What are the first things I should look to be involved in at college for an incoming freshman?
I am quite nervous about going to a large college (roughly 20,000). I wish to make my application stand out to future employers by getting involved with the school however I am not sure what exactly would make me stand out as an individual.
#jobs #future #community #community-involvement
Trisha, this is a great question and it's awesome that you are already thinking about it. Big schools have a lot to offer so hopefully you'll be able to align your activities / extracurriculars with your interest areas. Start by going to any orientation events that your school holds. Also, talk to your counselor early on and establish a good relationship here. She or He will be able to help guide you throughout your college journey and if you have a strong relationship, they will likely think of you when events come up that pertain to your interests. That said, college is a great time to explore many things. Don't just join clubs or get involved with things because you think they will help you get a job in a certain profession - I'd recommend trying a few different things. It's great to build your network, even outside your industry, and college is a perfect place to start. Have fun!
Firstly congratulations. This will be an exciting and daunting transition for most of the students.
When I was at your age my dad suggested me the following and this holds true even now hence suggesting the same to you.
Start your first year with confidence by doing these following things.
Schedule your campus tour. You can show up and walk around on your own, but scheduling a tour gives will give you more insight into the different areas of campus and what you can expect on your first day. Avoid not knowing how to get to your dorms or your first class and make sure this “to-do” is a priority. While you’re exploring campus, make sure you note where the emergency points and security office are.
Improve your reading skills. Consistent reading not only increases your speed, it helps you process what you’re reading faster. If your freshman English professor hasn’t already assigned summer reading, get your hands on the syllabus or recommended reading list and see how many books you can knock out before the first day of college.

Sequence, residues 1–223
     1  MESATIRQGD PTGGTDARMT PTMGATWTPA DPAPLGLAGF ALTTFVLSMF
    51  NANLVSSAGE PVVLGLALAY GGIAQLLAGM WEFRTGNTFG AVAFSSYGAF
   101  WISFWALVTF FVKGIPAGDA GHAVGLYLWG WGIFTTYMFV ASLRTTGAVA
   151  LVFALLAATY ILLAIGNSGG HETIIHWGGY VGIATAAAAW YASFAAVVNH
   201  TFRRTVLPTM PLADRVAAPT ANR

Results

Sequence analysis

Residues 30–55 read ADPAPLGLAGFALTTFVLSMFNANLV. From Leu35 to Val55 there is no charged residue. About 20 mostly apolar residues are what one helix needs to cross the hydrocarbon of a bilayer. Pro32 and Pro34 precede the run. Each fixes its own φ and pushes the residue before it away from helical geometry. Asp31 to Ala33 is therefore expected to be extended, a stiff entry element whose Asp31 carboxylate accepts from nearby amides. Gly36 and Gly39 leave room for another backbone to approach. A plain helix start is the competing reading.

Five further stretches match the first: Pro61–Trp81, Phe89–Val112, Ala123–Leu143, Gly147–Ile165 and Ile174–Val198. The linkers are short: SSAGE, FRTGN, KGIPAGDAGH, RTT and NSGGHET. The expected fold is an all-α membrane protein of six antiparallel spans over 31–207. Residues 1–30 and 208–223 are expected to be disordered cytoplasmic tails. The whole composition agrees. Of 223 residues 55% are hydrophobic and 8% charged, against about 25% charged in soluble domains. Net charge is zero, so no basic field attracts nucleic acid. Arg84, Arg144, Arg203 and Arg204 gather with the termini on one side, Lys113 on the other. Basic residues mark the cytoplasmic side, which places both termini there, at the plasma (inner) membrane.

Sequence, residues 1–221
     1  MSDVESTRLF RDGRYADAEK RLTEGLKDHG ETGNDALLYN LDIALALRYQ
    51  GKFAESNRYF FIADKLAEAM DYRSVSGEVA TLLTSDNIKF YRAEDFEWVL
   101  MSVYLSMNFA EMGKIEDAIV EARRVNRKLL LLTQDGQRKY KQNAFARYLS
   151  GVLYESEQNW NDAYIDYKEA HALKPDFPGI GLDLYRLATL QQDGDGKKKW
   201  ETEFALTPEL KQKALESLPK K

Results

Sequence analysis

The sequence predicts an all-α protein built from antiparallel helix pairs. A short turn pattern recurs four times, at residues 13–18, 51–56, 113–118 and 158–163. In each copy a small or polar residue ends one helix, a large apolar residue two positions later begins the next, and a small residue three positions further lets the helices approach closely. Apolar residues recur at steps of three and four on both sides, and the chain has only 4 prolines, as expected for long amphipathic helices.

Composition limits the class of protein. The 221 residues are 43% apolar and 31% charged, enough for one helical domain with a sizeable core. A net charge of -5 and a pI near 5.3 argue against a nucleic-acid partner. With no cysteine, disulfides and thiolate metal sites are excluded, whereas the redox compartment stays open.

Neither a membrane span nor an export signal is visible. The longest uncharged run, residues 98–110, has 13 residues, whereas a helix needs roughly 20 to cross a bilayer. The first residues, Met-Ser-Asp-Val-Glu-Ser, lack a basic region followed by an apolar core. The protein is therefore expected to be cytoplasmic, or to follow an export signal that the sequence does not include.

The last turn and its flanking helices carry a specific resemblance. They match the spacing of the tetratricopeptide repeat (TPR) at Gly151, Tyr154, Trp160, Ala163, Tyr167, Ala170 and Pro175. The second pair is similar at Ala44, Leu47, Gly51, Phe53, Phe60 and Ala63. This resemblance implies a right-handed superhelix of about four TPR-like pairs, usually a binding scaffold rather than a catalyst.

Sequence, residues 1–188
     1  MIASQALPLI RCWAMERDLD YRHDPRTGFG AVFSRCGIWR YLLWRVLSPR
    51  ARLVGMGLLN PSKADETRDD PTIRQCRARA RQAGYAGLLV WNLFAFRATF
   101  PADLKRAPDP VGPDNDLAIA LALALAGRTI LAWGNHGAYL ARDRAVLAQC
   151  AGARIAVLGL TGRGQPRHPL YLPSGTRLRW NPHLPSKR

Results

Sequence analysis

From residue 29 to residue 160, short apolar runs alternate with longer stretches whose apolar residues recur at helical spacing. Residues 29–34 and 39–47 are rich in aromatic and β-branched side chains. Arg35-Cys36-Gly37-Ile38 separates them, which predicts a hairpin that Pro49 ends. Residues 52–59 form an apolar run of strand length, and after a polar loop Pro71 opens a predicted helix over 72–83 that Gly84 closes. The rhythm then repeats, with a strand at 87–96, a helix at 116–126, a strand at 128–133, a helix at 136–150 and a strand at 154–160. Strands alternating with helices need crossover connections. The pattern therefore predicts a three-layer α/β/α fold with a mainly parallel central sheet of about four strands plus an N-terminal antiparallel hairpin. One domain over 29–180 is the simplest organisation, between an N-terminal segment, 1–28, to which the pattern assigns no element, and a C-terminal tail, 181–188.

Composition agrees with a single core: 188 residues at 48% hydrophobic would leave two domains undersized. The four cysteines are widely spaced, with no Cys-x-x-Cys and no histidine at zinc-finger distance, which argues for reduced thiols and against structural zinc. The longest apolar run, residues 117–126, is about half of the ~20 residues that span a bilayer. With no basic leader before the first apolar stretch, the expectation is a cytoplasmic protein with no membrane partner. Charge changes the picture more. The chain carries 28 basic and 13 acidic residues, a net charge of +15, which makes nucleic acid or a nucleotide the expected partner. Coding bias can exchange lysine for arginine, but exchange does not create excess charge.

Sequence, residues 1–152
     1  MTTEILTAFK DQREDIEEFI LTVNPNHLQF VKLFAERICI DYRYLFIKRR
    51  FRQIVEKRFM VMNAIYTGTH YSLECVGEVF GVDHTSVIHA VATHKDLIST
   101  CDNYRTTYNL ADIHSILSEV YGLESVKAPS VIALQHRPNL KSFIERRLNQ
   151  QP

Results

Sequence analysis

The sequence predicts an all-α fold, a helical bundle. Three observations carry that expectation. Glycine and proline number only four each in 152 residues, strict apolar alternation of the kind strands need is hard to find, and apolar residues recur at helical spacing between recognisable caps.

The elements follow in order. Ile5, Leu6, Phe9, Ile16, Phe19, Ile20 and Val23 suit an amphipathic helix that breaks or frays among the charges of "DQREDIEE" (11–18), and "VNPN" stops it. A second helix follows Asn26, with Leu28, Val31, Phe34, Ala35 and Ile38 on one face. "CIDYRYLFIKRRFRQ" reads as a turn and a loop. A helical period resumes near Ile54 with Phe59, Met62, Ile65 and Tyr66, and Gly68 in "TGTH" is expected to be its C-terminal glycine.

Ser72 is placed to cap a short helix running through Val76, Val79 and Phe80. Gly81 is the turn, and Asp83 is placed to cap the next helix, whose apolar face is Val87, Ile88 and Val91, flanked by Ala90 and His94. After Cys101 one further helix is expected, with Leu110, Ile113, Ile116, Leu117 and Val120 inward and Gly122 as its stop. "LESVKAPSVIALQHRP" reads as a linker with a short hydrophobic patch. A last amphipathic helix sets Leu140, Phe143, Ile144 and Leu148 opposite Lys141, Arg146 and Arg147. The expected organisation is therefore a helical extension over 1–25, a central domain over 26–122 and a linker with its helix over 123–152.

Start networking early. If you haven’t already, consider joining LinkedIn. It’s never too early to start building connections and working your way up to that awesome internship or part-time job. Connect with classmates, friends, and even your professors.
Get to know your professors. Show initiative and willingness to participate by developing a relationship with your professor before school starts. As the year goes on, they might also be willing to act as your mentor and guide you through challenging coursework and college life. Remember to be respectful and sincere when contacting them.
Participate in orientation activities. Orientation is a crucial time to start making friends, researching clubs and organizations, and getting to know your campus environment. Don’t miss out on this opportunity to ask questions and get involved.
Last but not the least make lots of friends and don't miss to enjoy the college times. You are on the verge of making memories for life time.
All the best.
I agree with Lindsay when she suggested to get involved with clubs and organizations that you're interested in. Maybe even try out some clubs and organizations that are more "wild-cards". You might be able to show up to a meeting just once to see if you feel like you fit. You can simply leave if you don't fit in without any obligation. Who knows? Maybe you'll discover a hidden passion and make lasting friendships.
That being said, leadership looks good on resumes. Take your first year to explore different clubs. Try all kinds of clubs, really put yourself out there. Use your second year to commit to one or two- one club for fun, and one club that is related to your major. Then for your junior and senior years, run for a leadership position within the club- be it treasurer, VP, President. When you have that leadership position, make sure you provide your unique creative vision. A common interview question is "When was a time you created an initiative on your own?". You can use your college clubs to try to get some of your ideas off the ground- no matter how small.
I also think Anzar's advice about getting to know your professors is SUPER important. You will find that social networks and connections can get you a job faster than anything else. Your professors are a crucial link to get you some important initial contacts in your field. Plus, your professors will likely be the ones writing you letters of recommendation when you need them. Go to their office hours and ask them questions- professors love this and it allows them to get to know you and know that you are taking their course seriously- trust me, I'm a professor.
Hope that helps! Above all, remember that you don't need to have it all figured out yet. Take some pressure off of yourself and have some fun while you figure out who you are. A lot of it will come to you, not the other way around.
Emily A. recommends the following next steps: